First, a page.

The diocesan paper was replaced for three months with sheets produced on a cyclostyle. In this way, I have written pastoral letters to the clergy, the people, Catholic women, cantors of the Church and young people. The cyclostyle was confiscated and it is with great sorrow that we are working how to organise communication with the clergy and faithful. But the machines, typewriters, are also becoming increasingly rare as are the materials required to operate them.
All along the line we see the weakening of the system and the collapse of the army: a great number, it seems, deserted, and many, when they have the opportunity to speak with someone they can trust, speak of how they have been deceived and of the great misery at home. From what we see, it seems that there are many people who hunger and thirst for religion. Even atheists are always looking for the opportunity to discuss religion even when they deny that it interests them. It seems likely that these lands will become a successful field for the apostolate.
Once again I ask that your Eminence present to the Holy Father my request that his His Holiness deign to give me his paternal and Apostolic Blessing allowing me to die for the faith and the unity of the church. I dare not present this request directly to the Holy Father, as my letter to His Holiness is already too long and is a sign of great boldness on my part. The audacity of this request is great as is the grace requested. And I am unworthy of it. But I pray Your Eminence to intercede on my behalf. That His Holiness deign to consider that the Church has nothing to lose and can only gain through my death, then it should be someone who is a victim of this invasion. As the pastor of this poor people who are suffering so much, have I not the right to die for their salvation? If the Holy Father does not agree to this request, I ask you, Eminence to do so as Secretary of the Congregation of the Eastern Churches. You are our Superior and you must take care of our Church.
I have one final humble request. One cannot explain this regime except by way of a mass demonic possession. I dare to ask His Holiness to recommend the contemplative orders, (Carmelites, Trappists, Carthusians, Camaldolese) to exorcise, through the co-operation of the priests in the monasteries, Soviet Russia. Church exorcisms are not restricted to location and can be done from afar. To avoid offending the Russians, the Holy Father could order this sub secreto Pontificio.(5)
I also pray the Holy Father ask communities of women religious and the female contemplative orders to pour out their prayer for the increase in holy vocations. A great harvest …
Excuse me, Eminence, for this long letter, my poor writing and spelling mistakes, and please pray for us all.
PS. I am sending these two letters today, 16 January 1940, through the German Commission who worked in Lvov. I promised to send them to the Apostolic Nuncio in Berlin. This may be the last opportunity to send a letter since it is now more difficult to cross the border than it was when I sent my first post. There is an on the spot death penalty and frequent cases mean it is impossible to cross.
This is why I request to change the way I send responses to the Nuncio and the parish priest of Krakow. The Nuncio may find a way of sending responses to me via the German authorities (?)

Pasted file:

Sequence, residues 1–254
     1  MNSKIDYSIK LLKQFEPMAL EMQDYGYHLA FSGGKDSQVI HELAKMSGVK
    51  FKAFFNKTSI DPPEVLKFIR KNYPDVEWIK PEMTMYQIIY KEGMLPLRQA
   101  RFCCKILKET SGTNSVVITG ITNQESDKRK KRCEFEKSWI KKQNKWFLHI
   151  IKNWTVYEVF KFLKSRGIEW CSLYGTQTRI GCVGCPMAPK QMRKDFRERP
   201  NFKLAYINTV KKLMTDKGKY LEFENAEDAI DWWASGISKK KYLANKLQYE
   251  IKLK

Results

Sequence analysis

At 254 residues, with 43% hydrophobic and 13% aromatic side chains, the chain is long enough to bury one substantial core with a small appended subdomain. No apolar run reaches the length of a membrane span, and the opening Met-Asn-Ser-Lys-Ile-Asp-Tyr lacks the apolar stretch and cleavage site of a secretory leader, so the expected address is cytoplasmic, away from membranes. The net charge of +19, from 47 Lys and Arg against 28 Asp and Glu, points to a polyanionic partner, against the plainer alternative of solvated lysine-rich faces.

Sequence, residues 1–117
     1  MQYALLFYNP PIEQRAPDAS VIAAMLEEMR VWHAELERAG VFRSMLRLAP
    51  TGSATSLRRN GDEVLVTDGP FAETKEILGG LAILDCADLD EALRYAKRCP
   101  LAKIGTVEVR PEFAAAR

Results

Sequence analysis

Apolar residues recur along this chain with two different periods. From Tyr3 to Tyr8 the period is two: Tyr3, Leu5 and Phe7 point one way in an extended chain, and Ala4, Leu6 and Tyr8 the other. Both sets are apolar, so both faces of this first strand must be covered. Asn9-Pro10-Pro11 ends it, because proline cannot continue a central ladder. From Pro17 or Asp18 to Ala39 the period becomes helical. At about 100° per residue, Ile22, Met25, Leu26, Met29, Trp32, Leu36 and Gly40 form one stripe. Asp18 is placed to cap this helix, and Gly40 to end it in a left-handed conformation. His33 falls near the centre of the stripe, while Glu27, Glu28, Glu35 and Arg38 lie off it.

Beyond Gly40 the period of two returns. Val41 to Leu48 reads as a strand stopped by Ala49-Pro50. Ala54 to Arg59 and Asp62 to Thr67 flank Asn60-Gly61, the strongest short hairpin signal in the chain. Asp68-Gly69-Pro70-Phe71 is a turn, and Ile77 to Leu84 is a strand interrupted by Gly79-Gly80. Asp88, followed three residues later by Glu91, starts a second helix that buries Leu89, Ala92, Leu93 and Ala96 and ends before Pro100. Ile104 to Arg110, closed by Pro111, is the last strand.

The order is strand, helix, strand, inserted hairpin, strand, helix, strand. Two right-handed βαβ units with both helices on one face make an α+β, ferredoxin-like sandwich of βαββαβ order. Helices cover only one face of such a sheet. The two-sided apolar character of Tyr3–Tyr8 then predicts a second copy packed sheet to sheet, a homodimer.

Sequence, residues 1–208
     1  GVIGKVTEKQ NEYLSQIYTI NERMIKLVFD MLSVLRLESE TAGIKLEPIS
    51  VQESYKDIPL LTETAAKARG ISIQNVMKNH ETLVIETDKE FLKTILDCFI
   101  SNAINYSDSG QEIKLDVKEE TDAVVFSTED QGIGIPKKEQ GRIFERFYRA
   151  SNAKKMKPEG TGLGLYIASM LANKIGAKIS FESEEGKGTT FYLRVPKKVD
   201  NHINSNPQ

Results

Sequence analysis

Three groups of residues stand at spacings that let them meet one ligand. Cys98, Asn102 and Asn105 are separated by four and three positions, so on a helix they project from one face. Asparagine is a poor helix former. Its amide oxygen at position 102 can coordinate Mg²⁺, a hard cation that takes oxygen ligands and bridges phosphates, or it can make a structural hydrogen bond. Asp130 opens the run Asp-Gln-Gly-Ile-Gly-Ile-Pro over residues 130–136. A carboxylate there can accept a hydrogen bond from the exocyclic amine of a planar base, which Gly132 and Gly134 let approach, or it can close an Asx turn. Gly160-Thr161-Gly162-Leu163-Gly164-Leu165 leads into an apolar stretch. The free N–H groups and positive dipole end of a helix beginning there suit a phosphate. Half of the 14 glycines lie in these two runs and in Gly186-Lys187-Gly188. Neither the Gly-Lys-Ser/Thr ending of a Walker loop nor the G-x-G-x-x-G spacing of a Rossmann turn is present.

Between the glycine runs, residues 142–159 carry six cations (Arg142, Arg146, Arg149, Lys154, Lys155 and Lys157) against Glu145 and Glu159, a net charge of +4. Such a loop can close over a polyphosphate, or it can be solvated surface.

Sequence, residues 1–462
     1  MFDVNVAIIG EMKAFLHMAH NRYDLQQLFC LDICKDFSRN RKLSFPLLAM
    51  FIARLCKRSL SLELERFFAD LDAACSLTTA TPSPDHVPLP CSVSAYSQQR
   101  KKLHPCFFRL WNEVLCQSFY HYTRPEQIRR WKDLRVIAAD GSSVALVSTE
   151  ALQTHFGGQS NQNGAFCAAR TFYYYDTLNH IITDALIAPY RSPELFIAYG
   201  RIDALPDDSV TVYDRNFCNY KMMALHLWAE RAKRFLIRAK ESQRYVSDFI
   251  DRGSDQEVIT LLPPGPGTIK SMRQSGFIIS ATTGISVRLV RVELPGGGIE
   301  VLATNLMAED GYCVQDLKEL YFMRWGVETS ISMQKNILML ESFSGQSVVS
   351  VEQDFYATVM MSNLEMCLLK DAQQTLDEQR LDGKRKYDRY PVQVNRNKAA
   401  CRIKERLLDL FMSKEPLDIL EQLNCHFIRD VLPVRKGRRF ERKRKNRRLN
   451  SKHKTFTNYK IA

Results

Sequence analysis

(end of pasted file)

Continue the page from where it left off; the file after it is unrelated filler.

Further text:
Request: send two copies.
I would also add that the Archimandrite of Harbin, [Fabian] Abrantowicz is still in prison.(6) It is impossible to learn anything about his fate. We have five priests in prison. Request prayers and benedictions.
(1) See ADSS 3.1.52
(2) Joseph Slipyi
(3) Nyjyta Budka (1877-1949) Auxiliary bishop Lvov; Nicholas (Mykola) Czarneckyj (1884-1959) Auxiliary bishop Lvov.
(4) Not published in ADSS. The letter referred to faculties the archbishop obtained through Pope Pius X (1903-1914) because of difficulties faced in the Russian Empire. Szeptyckyj wanted confirmation of these same faculties. “Faculties” is a canonical term that refers to rights and privileges granted to a person either by means of their office or through the gift of another who has the authority to grant them. E.g. bishops have the faculty to ordain priests by virtue of their office; the pope may grant faculties to army chaplains to grant absolution without confession on the battlefield – this faculty is limited and not automatic; the chaplain does not have the right to the faculty. It is usually associated with the granting of special rights to bishops in special circumstances.
(5) sub secreto Pontificio – literally – “under the secrecy of the Pontiff”, it is the highest form of confidentiality used by the pope. If something is done “sub secreto” it binds those involved to total secrecy on pain of mortal sin. The only higher form of “sub secreto” is the “seal of the confessional”.
(6) Fabian Abrantowicz (1884-1946) Originally a Latin Rite priest, he joined the Marian congregation in 1926 and transferred to the Greek Catholic rite. Pius XI appointed him as priest in charge of the Eastern Rite Catholics in Harbin, China. He returned to Europe in 1939 and was in Lithuania visiting relatives when the war broke out. Attempting to return to Rome he was arrested by the Germans who handed him over to the Soviets. Imprisoned on charges of espionage Abrantowicz was sentenced to ten years labour in the gulags, but remained in the Butyrki prison in Moscow where he died on 02.01.1946. His cause for canonisation was opened in 2003. http://www.padrimariani.org/en/heritage/great_figures/abrantowicz.php